How much your life is worth in South Africa

 ·21 May 2024

Placing a value on human life can be incredibly difficult and even controversial.

However, these cold numbers are an absolute must when determining the cost-benefit of infrastructure, environmental, medical, and insurance projects and budgeting for social interventions or getting insurance.

Knowing the monetary value of human life is important for governments and policymakers to make key decisions. The figure is also used for statistical calculations related to various industries, such as insurance, medicine, the environment, and infrastructure.

In these cases, most industries turn to an economic term called the value of a statistical human life (VSL), which effectively represents how much income (or wealth) individuals are willing to exchange for small changes in mortality risks.

If, for example, 100,000 people were each willing to spend R100 to decrease the chances of mortality, the estimated statistical value of a single human life would be R10 million (100,000 x R100).

A VSL is also used to determine the economic impact of deaths in the country, such as those lost to disease, road accidents, and other causes.

If you’ve ever heard an NGO say that road accidents or alcohol abuse cost the economy x-billion each year, it’s very likely that the VSL has been used to determine this.

Pinning down the number, however, presents its own challenges.

The value of a life in South Africa

A widely cited figure published in the South African Medical Journal in 2014 puts the value of a life in South Africa at R3.5 million.

This is the figure that was used to determine the economic harm done by alcohol abuse in the country at the time and was repeated in many reports.

But this is just one data point.

In 2006, the World Health Organisation determined the economic impact of TB deaths in South Africa, using a baseline VSL of $230,000 (R1.6 million at the exchange rates of the time)

In a 2012 document looking at the environmental impact of Eskom’s failure to comply with South African emission standards, Greenpeace cited OECD values on VSL. This averaged out at R12 million.

However, more recent (2022) data from researchers and statisticians from the University of Cape Town challenged the VSL methodology, positing that values for the disability-adjusted life-year (DALY) are a better proxy.

DALY represents the loss of the equivalent of one year of full health. Citing other DALY methodologies, the researchers noted that, in 2020 prices, this puts the value of a South African life between R49,400 and R1.9 million – or a more ‘realistic’ figure of around R460,000.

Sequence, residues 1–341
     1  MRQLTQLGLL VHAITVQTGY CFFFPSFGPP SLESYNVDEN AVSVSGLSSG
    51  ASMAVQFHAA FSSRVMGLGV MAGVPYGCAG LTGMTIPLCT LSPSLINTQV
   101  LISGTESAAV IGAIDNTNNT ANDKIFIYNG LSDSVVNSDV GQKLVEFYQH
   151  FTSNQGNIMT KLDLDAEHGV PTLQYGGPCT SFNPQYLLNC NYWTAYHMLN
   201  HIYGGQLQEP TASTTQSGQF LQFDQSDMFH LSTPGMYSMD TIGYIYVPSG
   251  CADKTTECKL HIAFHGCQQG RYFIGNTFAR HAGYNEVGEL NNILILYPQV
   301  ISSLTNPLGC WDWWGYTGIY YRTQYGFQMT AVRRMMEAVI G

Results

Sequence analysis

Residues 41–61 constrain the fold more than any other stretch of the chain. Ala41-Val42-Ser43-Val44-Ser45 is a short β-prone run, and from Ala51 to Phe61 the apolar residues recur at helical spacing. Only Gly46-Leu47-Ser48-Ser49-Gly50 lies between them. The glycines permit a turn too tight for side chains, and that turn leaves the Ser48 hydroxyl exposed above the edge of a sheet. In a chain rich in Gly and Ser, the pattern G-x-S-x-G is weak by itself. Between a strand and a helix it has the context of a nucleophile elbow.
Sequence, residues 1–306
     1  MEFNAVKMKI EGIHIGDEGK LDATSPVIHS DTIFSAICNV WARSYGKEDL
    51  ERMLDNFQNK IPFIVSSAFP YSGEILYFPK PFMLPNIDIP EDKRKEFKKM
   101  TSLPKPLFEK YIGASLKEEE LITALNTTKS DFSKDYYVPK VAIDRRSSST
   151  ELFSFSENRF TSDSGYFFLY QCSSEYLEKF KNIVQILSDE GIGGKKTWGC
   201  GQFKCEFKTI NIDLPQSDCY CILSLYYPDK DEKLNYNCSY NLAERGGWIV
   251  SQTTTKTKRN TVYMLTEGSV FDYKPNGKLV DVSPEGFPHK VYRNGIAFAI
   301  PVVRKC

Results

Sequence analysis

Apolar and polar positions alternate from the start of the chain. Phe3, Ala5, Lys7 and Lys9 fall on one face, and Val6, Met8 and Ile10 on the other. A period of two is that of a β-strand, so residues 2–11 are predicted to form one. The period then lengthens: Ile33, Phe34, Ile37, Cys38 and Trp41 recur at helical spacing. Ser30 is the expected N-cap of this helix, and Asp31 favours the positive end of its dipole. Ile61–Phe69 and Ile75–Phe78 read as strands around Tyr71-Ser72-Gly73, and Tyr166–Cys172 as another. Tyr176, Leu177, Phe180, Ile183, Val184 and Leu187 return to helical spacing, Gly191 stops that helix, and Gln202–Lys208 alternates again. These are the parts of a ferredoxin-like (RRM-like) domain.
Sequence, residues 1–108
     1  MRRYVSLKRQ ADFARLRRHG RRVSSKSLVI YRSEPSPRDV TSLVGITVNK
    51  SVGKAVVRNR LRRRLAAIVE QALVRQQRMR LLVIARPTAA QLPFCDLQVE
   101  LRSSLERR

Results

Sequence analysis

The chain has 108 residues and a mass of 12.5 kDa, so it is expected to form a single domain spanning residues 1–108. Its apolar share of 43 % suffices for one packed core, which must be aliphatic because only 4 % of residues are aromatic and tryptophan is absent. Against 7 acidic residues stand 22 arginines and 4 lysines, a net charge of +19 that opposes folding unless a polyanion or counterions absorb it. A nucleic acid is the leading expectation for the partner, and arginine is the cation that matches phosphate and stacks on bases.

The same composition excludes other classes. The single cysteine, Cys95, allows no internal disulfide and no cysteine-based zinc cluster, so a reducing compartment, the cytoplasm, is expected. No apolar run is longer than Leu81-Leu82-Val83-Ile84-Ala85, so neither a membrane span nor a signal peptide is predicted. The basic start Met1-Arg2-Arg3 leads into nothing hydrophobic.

The researchers said this value is the most accurate because it “represents a South African government willingness-to-pay estimate for averting a South African death”.

“As such, we believe that this figure is the most credible and robust estimate of the value that could currently be assigned to a South African life.”

Life insurers get more complex

According to Nedbank, when it comes to life insurance, a lot more goes into consideration when estimating the value of a life.

And looking at one’s personal circumstances and making improvements can also be key in lowering life insurance premiums, the group said.

These are the main factors insurers will look at:

  • Age

Life insurance is less expensive when one is younger and healthier.

“If you apply for life insurance only when you’re older, you may also have to undergo strict medical tests to establish your state of health accurately, and your premiums are likely to be higher,” said Nedbank.

  • Type of cover

Premium pricing also depends on how comprehensive the cover is. Policies that cover death benefits will only cost more if one adds funeral and disability cover.

  • Health

People who don’t smoke and use alcohol only in moderation will also be at less risk of paying lower monthly premiums.

High-risk individuals, including those with pre-existing conditions or a family history of illness, heavy drinkers or smokers, will face higher premiums.

  • Sex

Women typically live longer than men, meaning that their premiums will likely be lower due to reduced risk.

  • Your lifestyle and hobbies

Adventurous activities that increase your risk of death (like skydiving) will also mean that one’s premium will be higher.


Premiums depend heavily on one’s circumstances, but getting a rough idea of how much life insurance costs is useful.

For example, online quotes from Hippo showed that the cost of R3 million life cover for an under-25-year-old non-smoker male with a postgraduate qualification ranged between R319 and R610.

These are basic-level quotes, and further information will likely result in different prices:

InsurerCost per month
Different LifeR319
Stangen LifeR344
Capital LegacyR498
1Life Age-RatedR558
Budget Life InsuranceR558
1st for WomenR603
Auto & GeneralR608

How to bring costs down

Nedbank said that there are still several ways to bring your premiums down:

  • Stop smoking and drinking, or drink only occasionally and moderately

“Not only will this make you a lower risk, but it will also save you quite a bit of money, which helps offset your premiums,” said Nedbank.

  • Stay healthy

Healthy habits and regular exercise can improve overall health and reduce premiums.

Cutting out bad habits will also help.

  • Early bird gets the worm

Premiums are likely to be lower the younger someone gets life insurance.

  • Look around

“Don’t take the first policy you see. Shop around until you find the policy that suits your specific needs and circumstances.”

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